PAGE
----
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Midweek Notes from a Practicing Writer

My Nephew Inspires New Thoughts About My Own Youthful Reading

UnknownEarlier this summer, my young nephew told me he had a movie (on his iPad) that he wanted me to see.

“You’ll like it,” he said. “It has aunts.” (It took me a moment to understand that he was not touting the presence of “ants.”)

As I settled next to him on the sofa, I discovered that the movie in question was “James and the Giant Peach.” I had never seen the movie, nor had I read the original book, by Roald Dahl, on which the film is based. (Just a few minutes into our viewing, I was compelled to check with my nephew: “You’re not suggesting that I’m like THOSE aunts, are you?” ;-))

So when this precious child celebrated his birthday last week, I presented him with not just the video game he requested, but also a copy of Dahl’s book. (I refrained from sharing, just yet, my discomfort with Dahl’s anti-Semitism.) And as I thought about the books that my nephew most enjoys reading (or having me read to him), I had an epiphany of sorts:

Even as a child, I read remarkably little “non-realistic” work. The books I devoured were either (realist) historical fiction, à la the Little House series; (realist) contemporary fiction, à la Judy Blume; “classics” in realist style like Heidi and Little Women; and biographies and history. (As I’ve noted elsewhere, I also started reading “Holocaust literature” pretty young.) The Chronicles of Narnia didn’t interest me. I read no LeGuin. No Dahl. I didn’t get to know Winnie-the-Pooh’s friends until I was a grown-up. I have yet to read Alice in Wonderland. My biggest stretch, back in the early years, was probably Charlotte’s Web.

It has taken me until now to perceive a possible connection not just between these early proclivities and my adult reading preferences, but also between my childhood reading and my eventual writing. Put simply: I cannot write outside the realist mode. I am not a “magical realist,” a “speculative fictionist,” or anything the least bit untethered to reality. As much as I admire those fiction writers who can write along those lines, I simply can’t do it.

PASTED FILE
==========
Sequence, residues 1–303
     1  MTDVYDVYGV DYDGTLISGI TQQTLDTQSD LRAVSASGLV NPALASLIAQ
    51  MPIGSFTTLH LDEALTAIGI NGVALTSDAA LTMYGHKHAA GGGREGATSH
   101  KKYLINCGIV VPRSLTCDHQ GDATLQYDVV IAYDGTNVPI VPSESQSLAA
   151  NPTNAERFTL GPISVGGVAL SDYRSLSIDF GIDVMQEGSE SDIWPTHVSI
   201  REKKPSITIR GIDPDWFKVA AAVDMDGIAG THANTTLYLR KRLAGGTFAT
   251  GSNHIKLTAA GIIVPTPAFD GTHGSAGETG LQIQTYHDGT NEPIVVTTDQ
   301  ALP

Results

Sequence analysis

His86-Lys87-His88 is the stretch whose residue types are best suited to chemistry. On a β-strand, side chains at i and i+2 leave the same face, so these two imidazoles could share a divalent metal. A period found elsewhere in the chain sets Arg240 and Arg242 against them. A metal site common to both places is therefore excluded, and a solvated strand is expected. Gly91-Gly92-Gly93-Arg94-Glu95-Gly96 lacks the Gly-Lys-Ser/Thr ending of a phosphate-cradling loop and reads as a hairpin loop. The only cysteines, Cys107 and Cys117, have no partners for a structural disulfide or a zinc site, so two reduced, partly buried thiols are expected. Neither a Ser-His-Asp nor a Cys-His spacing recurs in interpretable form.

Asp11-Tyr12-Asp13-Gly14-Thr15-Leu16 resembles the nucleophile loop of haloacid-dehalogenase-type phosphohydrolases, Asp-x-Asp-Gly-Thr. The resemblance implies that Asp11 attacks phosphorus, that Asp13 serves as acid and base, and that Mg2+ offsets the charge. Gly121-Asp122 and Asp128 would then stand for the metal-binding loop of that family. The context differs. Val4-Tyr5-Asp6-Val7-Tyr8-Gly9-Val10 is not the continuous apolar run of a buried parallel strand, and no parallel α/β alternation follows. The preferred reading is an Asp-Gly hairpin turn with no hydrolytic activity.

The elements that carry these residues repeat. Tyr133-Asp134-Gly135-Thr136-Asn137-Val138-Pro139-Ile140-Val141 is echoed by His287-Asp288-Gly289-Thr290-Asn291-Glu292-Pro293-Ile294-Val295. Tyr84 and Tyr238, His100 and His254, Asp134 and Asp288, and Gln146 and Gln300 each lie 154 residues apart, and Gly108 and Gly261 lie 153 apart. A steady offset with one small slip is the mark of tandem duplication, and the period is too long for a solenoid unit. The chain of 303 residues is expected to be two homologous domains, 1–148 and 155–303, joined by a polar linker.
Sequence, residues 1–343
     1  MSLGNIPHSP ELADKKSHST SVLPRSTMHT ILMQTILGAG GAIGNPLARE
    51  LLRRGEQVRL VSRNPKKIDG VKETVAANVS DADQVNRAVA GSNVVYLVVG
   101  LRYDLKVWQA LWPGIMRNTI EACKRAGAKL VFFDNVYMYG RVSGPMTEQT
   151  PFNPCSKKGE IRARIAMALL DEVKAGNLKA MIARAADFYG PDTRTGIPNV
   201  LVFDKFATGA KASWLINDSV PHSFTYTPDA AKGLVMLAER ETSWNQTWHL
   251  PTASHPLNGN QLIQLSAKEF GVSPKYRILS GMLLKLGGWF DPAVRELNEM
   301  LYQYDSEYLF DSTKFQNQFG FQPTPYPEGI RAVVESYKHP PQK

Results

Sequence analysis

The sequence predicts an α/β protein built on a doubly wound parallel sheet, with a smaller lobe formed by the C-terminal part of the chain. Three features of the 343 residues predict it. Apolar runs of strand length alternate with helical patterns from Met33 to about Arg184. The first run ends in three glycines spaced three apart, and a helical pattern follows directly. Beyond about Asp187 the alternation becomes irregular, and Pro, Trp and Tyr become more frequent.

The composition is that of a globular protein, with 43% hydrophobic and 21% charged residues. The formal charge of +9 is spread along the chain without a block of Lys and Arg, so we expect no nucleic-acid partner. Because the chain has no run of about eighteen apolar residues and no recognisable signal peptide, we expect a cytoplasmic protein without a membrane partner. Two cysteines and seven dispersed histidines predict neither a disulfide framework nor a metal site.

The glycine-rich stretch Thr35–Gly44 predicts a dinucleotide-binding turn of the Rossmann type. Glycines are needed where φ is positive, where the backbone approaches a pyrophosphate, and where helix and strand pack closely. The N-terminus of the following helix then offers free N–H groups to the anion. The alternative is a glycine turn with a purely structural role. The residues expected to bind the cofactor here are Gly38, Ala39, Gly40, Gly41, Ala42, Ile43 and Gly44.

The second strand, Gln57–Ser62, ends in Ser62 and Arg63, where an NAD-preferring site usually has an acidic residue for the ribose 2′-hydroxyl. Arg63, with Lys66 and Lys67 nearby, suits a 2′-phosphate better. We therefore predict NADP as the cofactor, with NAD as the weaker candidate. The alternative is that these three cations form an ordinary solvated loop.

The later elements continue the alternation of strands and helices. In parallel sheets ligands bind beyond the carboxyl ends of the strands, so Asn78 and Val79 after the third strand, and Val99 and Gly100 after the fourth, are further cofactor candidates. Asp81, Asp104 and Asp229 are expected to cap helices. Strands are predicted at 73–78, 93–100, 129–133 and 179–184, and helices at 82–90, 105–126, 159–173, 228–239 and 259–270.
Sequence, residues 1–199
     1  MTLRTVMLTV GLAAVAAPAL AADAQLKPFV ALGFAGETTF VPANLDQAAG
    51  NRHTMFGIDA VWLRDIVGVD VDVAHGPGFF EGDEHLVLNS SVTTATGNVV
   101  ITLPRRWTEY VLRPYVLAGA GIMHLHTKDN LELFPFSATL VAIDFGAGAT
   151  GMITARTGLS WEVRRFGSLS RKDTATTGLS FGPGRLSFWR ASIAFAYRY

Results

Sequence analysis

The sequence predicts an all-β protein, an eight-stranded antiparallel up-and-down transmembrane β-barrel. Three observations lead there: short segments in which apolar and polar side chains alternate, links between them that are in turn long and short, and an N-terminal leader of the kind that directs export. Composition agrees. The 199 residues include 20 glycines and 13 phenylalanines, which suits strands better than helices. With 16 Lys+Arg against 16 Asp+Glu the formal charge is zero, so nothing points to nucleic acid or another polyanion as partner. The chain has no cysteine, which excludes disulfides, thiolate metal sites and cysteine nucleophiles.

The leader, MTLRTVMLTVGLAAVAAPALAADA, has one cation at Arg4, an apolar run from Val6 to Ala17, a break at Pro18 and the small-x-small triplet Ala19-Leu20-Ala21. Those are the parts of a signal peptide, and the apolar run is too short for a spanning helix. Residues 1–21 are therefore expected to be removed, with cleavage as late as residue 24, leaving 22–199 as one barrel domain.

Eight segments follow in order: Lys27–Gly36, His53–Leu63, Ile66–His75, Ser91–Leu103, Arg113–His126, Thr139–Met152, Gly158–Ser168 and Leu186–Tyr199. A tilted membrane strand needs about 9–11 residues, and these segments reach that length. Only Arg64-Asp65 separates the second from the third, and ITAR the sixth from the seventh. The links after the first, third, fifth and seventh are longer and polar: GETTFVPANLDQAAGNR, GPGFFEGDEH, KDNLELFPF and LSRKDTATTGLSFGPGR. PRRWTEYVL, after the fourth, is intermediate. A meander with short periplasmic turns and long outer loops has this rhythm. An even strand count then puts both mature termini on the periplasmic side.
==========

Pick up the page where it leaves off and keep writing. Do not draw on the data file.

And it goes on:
What I wonder now is: Might I have been able to do so had my reading way back when been more “diverse” in this context?

A Lovely Surprise

Unknown-1I’ve been reading Shelf Unbound for all five years that it has been around. When I received an email about the new issue yesterday, I was in the middle of a few other things, so I didn’t click over to read it right away.

Soon enough, though, I discovered that this special anniversary issue includes a collection of interviews that previously appeared in the magazine. Including one with me, about Quiet Americans, from June/July 2011. (A story from the collection follows the interview.) And if an interview with me isn’t enough to draw you in, consider that other conversations resurrected from the magazine’s archives feature authors such as Paul Harding, Edwidge Danticat, Matt Bell, Kevin Powers, Eduardo Halfon, and Karen E. Bender.

Happy Anniversary to Shelf Unbound, and thank you for all of the kind attention—including that amazing honor back in 2011—you’ve shown me over the years!

A Visit to the Newseum

I made a quick trip to Washington last weekend and finally visited the oh-so-impressive Newseum, which I’d argue is a must-see for any writer, whether you specialize in journalism or any other type of writing. (Frankly, I’d argue that it’s a must-see for ANYONE.)

I’ll leave you with a few of the photos that I snapped as I toured the building.

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6 Responses »

  1. Ha! The term “magical realist”–I’ve never heard it. I laughed, then I thought, how much more fascinating and fun a place the world would be if we randomly added “magical” to more titles and occupations. Who wouldn’t want someone to describe them as magical? (A magician … perhaps. But only if the magician was a grammarian who frowned on redundancy. Unless, of course, the grammarian was magical.)

    I’d never considered how early reading habits effect or even dictate later reading habits. It makes sense. Yesterday I read an article about the way what we read shapes our worldviews. As an underachiever, my high school reading list was essentially X-Men comics. On the bright side, as an adult, the world of books and authors is my oyster, which I with fingers shall open.

    I can imagine spending hours in the Newseum one day.

  2. Another stimulating post, Erika. Here are a couple of links to pieces on Dahl you and others might find to be of interest:

    http://ukmediawatch.org/2012/09/10/the-guardian-roald-dahl-and-adults-who-fail-spectacularly/

    http://www.booksandculture.com/articles/1996/julaug/6b4018.html?paging=off

  3. Erika,

    I’m like you in that I don’t care for fantasy or magical realism. Unlike you, I loved the classic fantasies as a child. These included Peter Pan, Mary Poppins, Winnie the Poo. I don’t know what happened, but as I grew, I craved the realism of the Little House books and the Ramona books.

    The older I get, the more “real” life seems more fascinating than any fantasy anyone can devise.

    Ellen Halter

    • It’s odd, Ellen–my mom and I have talked a bit this week about how her childhood reading habits may have shaped mine (she still hasn’t read ALICE IN WONDERLAND, either!). So much fun food for thought here. Thank you for sharing your comment.

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